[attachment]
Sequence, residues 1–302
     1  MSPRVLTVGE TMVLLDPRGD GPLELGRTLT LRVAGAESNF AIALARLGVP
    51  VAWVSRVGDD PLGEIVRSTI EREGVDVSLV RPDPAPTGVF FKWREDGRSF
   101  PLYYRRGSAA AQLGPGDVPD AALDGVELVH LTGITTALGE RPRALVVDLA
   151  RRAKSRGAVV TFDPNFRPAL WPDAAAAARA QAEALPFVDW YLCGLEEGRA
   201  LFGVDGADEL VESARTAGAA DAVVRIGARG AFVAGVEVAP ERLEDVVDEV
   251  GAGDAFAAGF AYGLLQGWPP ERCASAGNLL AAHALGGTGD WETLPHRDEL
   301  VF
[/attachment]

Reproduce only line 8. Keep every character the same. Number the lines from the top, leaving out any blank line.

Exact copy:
   301  VF